Jay Leno cleaned up Monday night.
The first outing of “The Jay Leno Show,” NBC’s answer to dramas everywhere else, was watched by an estimated 17.7 million viewers, the Nielsen Company said Tuesday.
That’s way up from the 6.9 million NBC has averaged Mondays at 10 p.m. with non-sports programming for the past year.
No shocker, it was the No.1 show for the night on any channel.
Leno benefited from a heavy promotional push for the show that began earlier this year, and, because by coincidence he had Kanye West booked to perform.
West, who wrecked Taylor Swift’s “2009 MTV Video Music Award” winning moment Sunday, was only supposed to perform with Jay-Z and Rhianna. But, his antics Sunday created a huge backlash and he agreed to sit for a short interview, where he apologized again.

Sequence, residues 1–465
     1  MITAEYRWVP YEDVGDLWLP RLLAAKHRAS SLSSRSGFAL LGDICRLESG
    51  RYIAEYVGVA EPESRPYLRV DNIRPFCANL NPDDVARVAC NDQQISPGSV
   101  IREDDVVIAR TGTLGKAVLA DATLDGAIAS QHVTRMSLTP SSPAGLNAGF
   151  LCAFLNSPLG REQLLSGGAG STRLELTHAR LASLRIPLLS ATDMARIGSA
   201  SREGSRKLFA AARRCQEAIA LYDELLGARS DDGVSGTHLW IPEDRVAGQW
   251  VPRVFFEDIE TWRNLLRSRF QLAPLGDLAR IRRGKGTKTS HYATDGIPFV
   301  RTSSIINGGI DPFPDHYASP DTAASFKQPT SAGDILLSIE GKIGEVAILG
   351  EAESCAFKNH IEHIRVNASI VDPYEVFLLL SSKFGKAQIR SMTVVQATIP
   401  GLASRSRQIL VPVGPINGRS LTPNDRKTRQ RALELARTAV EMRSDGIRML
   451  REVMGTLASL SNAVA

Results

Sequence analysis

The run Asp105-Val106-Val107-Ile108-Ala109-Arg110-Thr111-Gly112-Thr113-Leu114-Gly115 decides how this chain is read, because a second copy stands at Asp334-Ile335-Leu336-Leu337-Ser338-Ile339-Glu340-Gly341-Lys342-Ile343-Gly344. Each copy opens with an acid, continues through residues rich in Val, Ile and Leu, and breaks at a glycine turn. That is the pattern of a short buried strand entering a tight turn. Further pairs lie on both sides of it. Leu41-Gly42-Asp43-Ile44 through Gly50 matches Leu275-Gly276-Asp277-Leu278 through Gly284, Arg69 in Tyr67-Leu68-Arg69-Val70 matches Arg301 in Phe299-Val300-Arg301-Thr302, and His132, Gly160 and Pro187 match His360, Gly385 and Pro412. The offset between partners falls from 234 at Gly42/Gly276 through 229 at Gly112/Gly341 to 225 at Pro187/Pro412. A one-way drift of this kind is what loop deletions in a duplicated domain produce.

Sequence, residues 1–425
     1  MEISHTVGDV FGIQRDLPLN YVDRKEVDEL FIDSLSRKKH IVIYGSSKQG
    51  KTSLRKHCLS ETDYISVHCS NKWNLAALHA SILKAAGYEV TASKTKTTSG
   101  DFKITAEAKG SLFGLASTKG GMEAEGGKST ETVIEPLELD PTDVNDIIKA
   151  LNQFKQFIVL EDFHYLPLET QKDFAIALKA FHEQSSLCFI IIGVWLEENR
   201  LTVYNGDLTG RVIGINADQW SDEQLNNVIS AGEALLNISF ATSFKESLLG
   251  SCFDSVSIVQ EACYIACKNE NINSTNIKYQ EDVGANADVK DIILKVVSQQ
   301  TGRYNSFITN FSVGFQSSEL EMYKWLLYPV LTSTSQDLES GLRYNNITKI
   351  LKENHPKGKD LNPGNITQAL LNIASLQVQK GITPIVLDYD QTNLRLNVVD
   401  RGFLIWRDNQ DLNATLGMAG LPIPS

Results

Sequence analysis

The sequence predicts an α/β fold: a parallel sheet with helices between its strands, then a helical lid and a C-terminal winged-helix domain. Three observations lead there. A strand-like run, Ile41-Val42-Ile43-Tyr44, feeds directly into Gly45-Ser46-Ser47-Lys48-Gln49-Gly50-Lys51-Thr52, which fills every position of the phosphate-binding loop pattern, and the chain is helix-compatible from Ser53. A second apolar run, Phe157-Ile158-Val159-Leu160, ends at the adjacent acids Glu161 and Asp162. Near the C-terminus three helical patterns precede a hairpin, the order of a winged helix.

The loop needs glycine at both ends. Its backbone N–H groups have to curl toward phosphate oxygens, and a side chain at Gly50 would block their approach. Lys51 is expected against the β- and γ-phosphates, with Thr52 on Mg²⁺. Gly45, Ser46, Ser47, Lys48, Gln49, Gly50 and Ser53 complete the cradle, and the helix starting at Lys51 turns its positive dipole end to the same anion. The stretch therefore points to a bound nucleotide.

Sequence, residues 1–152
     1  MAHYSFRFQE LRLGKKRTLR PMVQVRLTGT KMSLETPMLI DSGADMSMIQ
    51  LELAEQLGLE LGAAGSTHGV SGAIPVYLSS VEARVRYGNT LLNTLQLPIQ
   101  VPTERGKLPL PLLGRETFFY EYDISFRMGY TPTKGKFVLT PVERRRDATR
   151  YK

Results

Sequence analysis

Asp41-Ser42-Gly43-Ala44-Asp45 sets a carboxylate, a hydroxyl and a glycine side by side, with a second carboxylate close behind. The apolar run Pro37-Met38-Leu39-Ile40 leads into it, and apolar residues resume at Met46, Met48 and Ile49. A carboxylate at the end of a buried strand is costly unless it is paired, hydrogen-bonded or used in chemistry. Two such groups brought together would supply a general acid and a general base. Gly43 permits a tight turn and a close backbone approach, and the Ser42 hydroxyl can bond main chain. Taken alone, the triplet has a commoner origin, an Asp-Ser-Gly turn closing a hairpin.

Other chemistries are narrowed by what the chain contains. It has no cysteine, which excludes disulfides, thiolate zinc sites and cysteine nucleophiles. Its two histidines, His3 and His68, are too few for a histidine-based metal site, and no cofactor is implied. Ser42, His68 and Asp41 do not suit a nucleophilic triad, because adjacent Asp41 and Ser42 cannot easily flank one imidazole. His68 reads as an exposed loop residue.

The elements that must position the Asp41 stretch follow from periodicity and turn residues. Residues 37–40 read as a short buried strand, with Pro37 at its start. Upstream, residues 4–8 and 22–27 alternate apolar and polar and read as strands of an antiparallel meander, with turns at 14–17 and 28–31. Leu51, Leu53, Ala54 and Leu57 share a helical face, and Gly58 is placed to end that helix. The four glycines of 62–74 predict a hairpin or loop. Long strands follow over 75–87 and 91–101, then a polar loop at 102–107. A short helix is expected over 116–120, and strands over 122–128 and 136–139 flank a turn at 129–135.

Leno also benefited a little from weaker-than-normal competition. ABC aired the film “Dream Girls,” while CBS’ prime-time lineup was out of synch because of an overrun at the U.S. Open.
The show’s real challenges will happen next week when fresh episodes of fall series begin airing.
NBC officials have stressed throughout that the performance of the show wouldn’t be judged by one night, but rather a year.
“It’s great to launch this innovative new show with such strong initial sampling, but we realize this is just one night and that we’re going to build our business in this time period with ratings that will level out over time,” said Jeff Gaspin, chairman, NBC Universal Television Entertainment.
“Our focus is on delivering a great show and developing a consistent comedy viewing habit at 10 p.m. over the long haul.”
The comic, who was the host of NBC’s “Tonight Show” for 17 years before stepping aside in May, has argued that viewers wanted some comedy at 10 p.m., a time slot normally filled with dramas.
NBC also can save a boat-load by running Leno rather than dramas, which can cost upward of $2 million an hour, or $10 million a week. Leno makes about $30 million a year.